Friday, August 14, 2015

A Mystical Rosebud: For Sinners and Saints

      Most Catholics who read my blog will recognize the title, "Mystical Rosebud" as a reference to Mary. One of her venerable titles is the "Mystical Rose". I will be honest... I was not entirely sure what this title meant when I created my blog, but I have since done my due diligence to become educated about its significance. Rather than attempt to explain it all myself, I will share some of the more poignant pieces that I read (link here for full article) and then explain why I chose this title for my blog.

"Mary is the immaculate virgin and mother, mother of God, and of all mankind. She is the most noble and perfect of all mothers. Like a magnificent rose she shines in the splendor of her virtues, and is the perfect example for all mothers. Because her heart is fired with love for God and man, she is...likened to the flaming red rose."

 "The rose obtains its life through the stem, to which it is closely united. A rose broken from the stem will soon wither. So Mary received all her graces from Jesus, with whom she was united throughout he liveliest faith and ardent love."

St. Brigid's words stand out to me more than anything:
"The Virgin may suitably be called a blooming rose. Just as the gentle rose is placed among thorns, So this gentle Virgin was surrounded by sorrow."

By naming my blog "A Mystical Rosebud", there are several things I wish to convey to my readership.

First of all, I want people to realize that I - and everyone else for that matter - are on a journey while on this earth. All of us are meant to participate in the glory of God. That is what we were ultimately created for: to choose goodness and Love for ourselves and all individuals we encounter.

My state in life as a married woman is God's way of helping me learn how to love properly. In marriage, there are endless ways for me to improve my love and self-sacrifice for my husband. By learning to die to self out of love for him, I am both serving my husband and my Lord, as well as increasing my own spiritual growth. The Blessed Mother Mary is my greatest advocate and role model. She was without sin, and her "fiat" (her "be it done", her "yes") brought life and redemption to the world through her son Jesus.

In a similar way, married people can bring life to the world when they serve as conduits of the love of God in service to one another and their children. My goal is to become better and better at saying yes to God as best I can, like Mary did.
This relevant passage (from the previously linked article) helps illustrate my point:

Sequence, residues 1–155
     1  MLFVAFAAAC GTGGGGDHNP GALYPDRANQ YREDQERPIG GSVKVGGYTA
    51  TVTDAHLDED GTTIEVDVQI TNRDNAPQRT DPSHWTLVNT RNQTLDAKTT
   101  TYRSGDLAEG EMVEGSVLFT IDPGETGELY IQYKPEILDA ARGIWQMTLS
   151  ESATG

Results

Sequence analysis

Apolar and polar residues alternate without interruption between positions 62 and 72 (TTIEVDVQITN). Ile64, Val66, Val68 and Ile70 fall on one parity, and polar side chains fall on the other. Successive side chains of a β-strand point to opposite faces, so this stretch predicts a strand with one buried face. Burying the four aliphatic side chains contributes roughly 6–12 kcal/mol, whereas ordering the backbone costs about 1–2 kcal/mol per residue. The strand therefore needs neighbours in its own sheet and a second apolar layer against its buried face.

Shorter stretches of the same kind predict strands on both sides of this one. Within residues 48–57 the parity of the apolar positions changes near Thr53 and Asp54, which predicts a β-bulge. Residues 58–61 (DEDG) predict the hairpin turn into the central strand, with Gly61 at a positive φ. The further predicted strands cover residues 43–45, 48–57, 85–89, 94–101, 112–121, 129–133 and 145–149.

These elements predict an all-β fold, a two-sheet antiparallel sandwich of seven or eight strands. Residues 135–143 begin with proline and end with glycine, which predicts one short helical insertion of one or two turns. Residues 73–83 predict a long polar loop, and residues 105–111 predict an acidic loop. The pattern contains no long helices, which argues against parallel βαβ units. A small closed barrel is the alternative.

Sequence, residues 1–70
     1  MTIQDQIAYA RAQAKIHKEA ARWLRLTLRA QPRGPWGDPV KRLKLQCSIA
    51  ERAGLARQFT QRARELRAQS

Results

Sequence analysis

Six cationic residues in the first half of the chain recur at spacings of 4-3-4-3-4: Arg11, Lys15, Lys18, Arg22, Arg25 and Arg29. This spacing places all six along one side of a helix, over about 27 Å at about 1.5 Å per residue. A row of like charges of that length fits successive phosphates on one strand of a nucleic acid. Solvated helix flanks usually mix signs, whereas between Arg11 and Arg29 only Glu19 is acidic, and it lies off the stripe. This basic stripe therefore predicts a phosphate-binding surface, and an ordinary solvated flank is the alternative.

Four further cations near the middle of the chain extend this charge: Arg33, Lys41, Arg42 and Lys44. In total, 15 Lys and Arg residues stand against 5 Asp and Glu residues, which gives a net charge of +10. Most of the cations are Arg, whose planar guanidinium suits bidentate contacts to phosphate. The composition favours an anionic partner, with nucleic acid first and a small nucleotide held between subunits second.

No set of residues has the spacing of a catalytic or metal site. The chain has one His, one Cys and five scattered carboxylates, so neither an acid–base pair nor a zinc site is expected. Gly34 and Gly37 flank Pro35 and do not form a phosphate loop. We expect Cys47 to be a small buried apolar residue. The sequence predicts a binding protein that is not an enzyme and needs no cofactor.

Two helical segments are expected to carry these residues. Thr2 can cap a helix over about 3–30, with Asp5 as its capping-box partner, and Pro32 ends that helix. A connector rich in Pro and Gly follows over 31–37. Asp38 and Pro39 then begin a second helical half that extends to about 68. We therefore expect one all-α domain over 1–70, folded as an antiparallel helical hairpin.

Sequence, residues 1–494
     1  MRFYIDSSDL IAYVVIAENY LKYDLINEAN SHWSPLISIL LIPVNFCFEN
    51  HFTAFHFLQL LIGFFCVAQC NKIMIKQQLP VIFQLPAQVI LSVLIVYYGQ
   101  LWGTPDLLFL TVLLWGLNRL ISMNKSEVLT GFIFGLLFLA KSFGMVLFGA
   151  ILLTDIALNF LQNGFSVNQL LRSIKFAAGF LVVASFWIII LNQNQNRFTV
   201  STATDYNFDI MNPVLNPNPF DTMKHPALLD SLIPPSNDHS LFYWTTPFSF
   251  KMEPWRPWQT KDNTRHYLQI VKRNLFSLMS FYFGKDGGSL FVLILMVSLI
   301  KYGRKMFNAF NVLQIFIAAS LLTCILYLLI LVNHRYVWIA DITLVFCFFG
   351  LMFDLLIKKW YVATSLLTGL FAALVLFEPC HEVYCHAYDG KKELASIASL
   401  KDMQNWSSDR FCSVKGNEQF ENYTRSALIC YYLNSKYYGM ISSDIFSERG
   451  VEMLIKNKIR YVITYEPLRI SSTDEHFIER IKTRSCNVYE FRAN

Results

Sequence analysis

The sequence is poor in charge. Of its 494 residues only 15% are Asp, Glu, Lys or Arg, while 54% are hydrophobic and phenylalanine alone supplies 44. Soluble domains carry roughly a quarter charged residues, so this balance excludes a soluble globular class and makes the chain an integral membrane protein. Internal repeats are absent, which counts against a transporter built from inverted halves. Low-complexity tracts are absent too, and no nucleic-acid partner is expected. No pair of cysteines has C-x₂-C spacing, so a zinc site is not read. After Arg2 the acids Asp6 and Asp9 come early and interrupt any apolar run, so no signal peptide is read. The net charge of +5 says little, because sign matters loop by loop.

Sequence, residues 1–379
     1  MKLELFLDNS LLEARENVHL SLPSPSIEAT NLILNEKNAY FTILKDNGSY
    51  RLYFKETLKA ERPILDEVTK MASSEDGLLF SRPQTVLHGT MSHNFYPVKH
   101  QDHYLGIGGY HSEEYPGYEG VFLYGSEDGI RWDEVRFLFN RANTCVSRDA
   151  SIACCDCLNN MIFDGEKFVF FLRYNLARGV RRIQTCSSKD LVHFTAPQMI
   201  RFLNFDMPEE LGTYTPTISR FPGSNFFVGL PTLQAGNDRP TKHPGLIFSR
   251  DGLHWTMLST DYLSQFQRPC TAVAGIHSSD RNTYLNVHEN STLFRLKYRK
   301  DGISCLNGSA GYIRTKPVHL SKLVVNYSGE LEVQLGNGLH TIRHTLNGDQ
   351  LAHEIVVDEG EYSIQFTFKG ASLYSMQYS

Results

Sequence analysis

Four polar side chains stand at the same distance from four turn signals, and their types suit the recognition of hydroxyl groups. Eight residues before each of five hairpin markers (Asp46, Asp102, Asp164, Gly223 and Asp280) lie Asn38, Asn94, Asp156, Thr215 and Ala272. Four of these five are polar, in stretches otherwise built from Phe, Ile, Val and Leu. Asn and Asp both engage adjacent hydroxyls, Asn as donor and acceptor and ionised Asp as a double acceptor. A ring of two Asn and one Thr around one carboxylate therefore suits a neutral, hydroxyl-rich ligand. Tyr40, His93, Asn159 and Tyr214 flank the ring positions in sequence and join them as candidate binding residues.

(Bouquet from my own wedding)
"The open, blooming rose is an emblem of pure motherhood. Like the opened radiant rose the Christian mother is in the full vigor of life; her heart open with true love for her husband and children; and she unfolds her soul to heaven, so that through prayer she may receive the needed assistance for herself and hers. Through her good example in Christian virtues she spreads around her the fragrance of a God-pleasing life, and encourages those who associate with her to imitate her virtues."

   By using the article "A" in the title, I hope you are spurred to think about your own potential. I am not the only mystical rosebud. There are millions of people in this world who try their best to do good every single day. There are billions of saints in the making. You are one of them! You, yes you, are meant to have a personal relationship with the One, eternal unchanging God of Love. He is subtle. He will not force himself on you. You must open your heart to Him before change will happen in your life.

God has promised crowns of glory for those who follow him to the cross.

“What eye has not seen, and ear has not heard,
and what has not entered the human heart,
what God has prepared for those who love him,”
-1 Corinthians 2:9
With a bit of perseverance, we can become fully blossomed roses, in the name of Christ!

"Mystical" is a reminder of the spiritual side of life, the supernatural ("above nature") aspect of the human experience. Too often we find ourselves swept up in everyday life and it is difficult, if not impossible, to lift our gazes above the here-and-now to contemplate the eternal.

My blog is, for me, a way to develop my musings for my own spiritual growth. I've made it public because I recognize that perhaps others may benefit from the little gifts of insight that are inspired in me.
I am not so smart. I just try to be open to whatever it is that God wants me to understand. If truth benefits me, then surely I should share it so that it might benefit my readers too.

Let me tell you about a funny coincidence theme-thingy in my life (or for a better term, a "God-incidence", since I believe everything happens for a reason). 

The first church I attended after years of absence is a diocesan shrine to St. Thérèse of Lisieux. The church itself and the grounds which it is situated on are absolutely lovely - the hidden gem of the small town of Collinsville, Oklahoma. The place is fitting for the Saint of the Little Way. It is quiet and unassuming, yet beautiful and poetic just like St. Thérèse. This is ultimately the place I would like to be laid to rest.